I had a hard time developing a good substitute for hoisin sauce, which is made from fermented soybeans, garlic, sugar, salt, and spices. I wanted to replicate the taste and texture by using other ingredients that might be on hand. I started with American barbecue sauce as the base, then added soy sauce, molasses for thickening and sweetness, and five-spice powder for flavor. That mixture came fairly close to hoisin but was missing a key component: the funky sourness of fermented soybeans. I turned to another food that has such a flavor: yeast extract (Marmite/Vegemite). A little yeast extract did the trick and made the homemade hoisin sauce a good substitute for the real thing. I realize that many home cooks won't have yeast extract on hand; but for those that do, the recipe makes a fair approximation. (The recipe is in the book; if anyone's interested, I'll post it here). In a pinch, you can also get away with using Chinese brown bean sauce or Chee hou sauce, although both of these are spicier and less sweet than hoisin. You could add a little sugar to up the sweetness.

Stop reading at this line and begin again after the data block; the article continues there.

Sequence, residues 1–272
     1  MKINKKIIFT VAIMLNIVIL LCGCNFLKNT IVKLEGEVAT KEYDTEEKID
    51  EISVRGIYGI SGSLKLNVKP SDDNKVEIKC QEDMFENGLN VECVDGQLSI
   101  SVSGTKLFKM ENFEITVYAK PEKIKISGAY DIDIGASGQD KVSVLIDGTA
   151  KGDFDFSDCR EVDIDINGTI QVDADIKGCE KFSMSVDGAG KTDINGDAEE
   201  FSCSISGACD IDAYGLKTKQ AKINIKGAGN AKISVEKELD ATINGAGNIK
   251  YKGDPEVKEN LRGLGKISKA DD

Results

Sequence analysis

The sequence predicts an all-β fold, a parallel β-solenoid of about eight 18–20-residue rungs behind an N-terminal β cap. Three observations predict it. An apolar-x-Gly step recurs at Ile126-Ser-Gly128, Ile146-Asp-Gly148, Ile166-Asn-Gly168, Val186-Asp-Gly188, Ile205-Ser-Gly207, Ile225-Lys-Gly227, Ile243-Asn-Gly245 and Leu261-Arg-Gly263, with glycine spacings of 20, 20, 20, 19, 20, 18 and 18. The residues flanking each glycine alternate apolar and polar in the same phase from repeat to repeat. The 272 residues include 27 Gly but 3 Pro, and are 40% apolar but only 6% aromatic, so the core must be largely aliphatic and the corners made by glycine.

What didn't work? Finding a replacement for foie gras. I left foie gras out of the book entirely. Although, a good-quality liver pate can stand in for pate de foie gras.